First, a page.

Early in the morning on October 5, we learned that Dan Shechtman received the Nobel Prize in Chemistry “for the discovery of quasicrystals.” Professor Shechtman is a faculty member in the Department of Materials Science and Engineering, a research scientist in the Department of Energy’s Ames Laboratory on our campus, and a professor at the Technion in Israel.
Professor Shechtman’s discovery of a new classification of materials wasn’t accepted immediately. In fact, he faced initial resistance and withstood intense peer pressure against his work. Despite opposition that culminated in him being kicked out of his research group at the time, Professor Shechtman continued to quietly gather evidence, communicate his findings, and draw others to appreciate and recognize his discovery. Today, he is recognized for an insight and breakthrough that, literally, resulted in textbooks being re-written.
This exciting news of an engineering faculty member being awarded a Nobel Prize brought back a memory of an encounter I had as a 17-year-old college freshmen with a different Nobel Laureate. When I was beginning my study of engineering at the University of California, Berkeley, I took an introductory chemistry course in my first semester just like every other engineering, science, and pre-med freshman. The lectures were held in a cavernous auditorium, and multiple laboratory sections were held in parallel each week to accommodate everyone. A team of graduate teaching assistants managed the lab classrooms, and a laboratory professor would wander around down the hall, visit each of the lab classrooms, and generally make sure that the teaching assistants and students stayed on-track.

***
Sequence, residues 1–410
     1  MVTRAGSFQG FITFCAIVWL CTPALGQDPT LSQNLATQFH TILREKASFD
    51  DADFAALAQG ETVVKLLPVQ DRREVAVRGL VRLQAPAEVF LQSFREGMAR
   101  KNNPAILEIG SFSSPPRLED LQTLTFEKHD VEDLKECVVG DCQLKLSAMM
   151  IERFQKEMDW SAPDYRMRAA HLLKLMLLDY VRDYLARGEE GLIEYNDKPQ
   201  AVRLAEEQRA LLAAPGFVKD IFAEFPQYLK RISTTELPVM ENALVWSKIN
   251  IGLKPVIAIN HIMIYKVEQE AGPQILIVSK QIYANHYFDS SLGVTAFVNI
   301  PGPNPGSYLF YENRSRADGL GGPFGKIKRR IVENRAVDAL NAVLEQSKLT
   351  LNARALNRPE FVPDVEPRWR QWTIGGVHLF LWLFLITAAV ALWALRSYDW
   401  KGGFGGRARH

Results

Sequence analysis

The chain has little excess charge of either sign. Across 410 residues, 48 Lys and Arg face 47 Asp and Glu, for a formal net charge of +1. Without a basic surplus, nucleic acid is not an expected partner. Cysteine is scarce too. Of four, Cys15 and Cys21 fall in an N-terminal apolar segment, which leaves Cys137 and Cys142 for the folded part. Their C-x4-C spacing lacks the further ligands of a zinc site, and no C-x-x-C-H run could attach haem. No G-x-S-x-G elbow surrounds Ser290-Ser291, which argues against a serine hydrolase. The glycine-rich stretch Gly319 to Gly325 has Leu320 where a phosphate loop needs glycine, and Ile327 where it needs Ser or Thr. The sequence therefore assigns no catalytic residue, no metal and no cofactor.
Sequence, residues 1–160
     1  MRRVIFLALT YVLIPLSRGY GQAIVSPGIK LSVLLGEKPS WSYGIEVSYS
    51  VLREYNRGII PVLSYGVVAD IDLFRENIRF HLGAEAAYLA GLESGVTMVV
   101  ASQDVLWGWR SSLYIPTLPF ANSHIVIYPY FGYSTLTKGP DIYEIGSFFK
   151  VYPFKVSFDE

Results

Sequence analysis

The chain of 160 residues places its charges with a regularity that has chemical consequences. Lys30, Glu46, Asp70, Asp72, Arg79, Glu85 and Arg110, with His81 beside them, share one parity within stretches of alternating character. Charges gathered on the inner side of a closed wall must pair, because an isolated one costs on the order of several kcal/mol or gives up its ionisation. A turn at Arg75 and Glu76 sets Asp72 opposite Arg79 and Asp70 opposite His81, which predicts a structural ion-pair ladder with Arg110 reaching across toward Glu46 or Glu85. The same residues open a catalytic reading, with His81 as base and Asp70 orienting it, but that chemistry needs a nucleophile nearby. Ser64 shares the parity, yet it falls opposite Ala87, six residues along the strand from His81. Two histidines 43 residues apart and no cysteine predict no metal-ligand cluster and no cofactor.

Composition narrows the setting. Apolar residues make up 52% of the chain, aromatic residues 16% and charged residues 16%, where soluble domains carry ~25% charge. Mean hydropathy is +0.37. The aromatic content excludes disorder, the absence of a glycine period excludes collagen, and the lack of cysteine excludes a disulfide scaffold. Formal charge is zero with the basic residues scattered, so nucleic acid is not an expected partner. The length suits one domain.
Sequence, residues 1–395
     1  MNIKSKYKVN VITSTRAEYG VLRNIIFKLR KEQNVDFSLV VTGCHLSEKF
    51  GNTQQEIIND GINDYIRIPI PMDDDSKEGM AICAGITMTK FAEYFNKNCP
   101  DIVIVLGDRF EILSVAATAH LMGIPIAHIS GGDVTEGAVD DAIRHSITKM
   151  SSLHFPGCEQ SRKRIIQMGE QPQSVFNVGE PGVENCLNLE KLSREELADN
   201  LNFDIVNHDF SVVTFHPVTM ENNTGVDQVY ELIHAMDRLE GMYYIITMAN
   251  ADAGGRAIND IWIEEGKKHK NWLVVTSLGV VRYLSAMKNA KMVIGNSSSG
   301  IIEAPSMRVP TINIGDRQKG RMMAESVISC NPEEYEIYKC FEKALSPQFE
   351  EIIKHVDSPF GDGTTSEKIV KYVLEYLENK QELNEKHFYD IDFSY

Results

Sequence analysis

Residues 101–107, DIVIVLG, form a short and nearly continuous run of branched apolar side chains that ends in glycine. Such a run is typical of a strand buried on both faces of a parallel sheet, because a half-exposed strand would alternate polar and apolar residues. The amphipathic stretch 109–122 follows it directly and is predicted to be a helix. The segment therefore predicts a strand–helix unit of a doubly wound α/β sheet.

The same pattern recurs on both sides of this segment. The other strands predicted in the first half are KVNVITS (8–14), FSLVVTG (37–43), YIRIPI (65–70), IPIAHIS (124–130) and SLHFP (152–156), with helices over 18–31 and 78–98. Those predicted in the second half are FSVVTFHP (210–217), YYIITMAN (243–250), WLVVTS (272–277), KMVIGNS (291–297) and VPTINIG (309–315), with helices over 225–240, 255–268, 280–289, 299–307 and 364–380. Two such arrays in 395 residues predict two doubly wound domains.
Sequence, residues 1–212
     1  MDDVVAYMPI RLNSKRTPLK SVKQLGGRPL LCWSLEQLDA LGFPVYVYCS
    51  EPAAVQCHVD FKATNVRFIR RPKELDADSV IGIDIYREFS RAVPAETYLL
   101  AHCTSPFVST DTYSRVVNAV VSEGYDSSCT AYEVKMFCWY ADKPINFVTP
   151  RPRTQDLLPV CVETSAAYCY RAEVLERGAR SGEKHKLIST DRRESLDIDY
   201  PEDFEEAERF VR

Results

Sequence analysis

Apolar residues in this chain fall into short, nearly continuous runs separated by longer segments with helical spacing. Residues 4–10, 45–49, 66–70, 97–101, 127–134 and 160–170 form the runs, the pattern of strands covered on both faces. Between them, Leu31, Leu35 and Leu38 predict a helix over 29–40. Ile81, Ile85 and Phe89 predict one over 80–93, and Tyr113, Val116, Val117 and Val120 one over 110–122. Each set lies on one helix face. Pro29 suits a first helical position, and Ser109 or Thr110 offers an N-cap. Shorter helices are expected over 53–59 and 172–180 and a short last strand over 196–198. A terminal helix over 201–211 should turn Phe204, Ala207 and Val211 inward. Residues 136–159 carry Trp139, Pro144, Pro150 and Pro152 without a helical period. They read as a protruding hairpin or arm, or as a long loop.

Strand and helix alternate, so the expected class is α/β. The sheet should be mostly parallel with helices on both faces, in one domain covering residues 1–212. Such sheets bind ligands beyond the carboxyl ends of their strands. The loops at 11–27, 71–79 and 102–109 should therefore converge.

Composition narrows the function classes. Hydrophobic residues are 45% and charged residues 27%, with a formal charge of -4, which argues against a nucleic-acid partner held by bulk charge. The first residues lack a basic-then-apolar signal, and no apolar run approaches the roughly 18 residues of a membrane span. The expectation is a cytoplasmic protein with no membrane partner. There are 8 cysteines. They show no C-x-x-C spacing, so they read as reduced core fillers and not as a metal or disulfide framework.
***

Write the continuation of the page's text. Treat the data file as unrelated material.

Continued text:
During the very first experiment of this class, the lab professor came in our room and walked straight over to the bench where my partner and I were working on an acid-base pH experiment. (We must have looked like we needed some extra help.) He introduced himself as Glenn Seaborg—a name I was certainly familiar because he was one of Berkeley’s Nobel Laureates. (The campus, in fact, has a parking lot reserved just for its Laureates, a valuable perk of winning the prize!) Professor Seaborg had worked on the Manhattan project and been awarded the Nobel Prize for his work in discovering and studying trans-uranium elements.
As we were talking and doing the experiment, my lab partner (that’s how I remember it, at least) somehow managed to spill acid on Professor Seaborg’s hand. My initial reaction was fear and panic—what do they do to a freshman who spills chemicals on a Nobel Laureate? But Professor Seaborg just brushed it off, ran cold water over his hand, and reassured us that he was fine. We chatted for another 10 minutes, and then he moved on to the next classroom. That was the only time that I saw him, and although it was a spontaneous interaction, his patience and mentoring toward me as a young student made an impact that I clearly remember.
These sorts of experiences and role models are so important at a university. I’m excited to think about the inspiring conversations Professor Shechtman will have with Iowa State’s students and what kind of difference he’ll make in their education.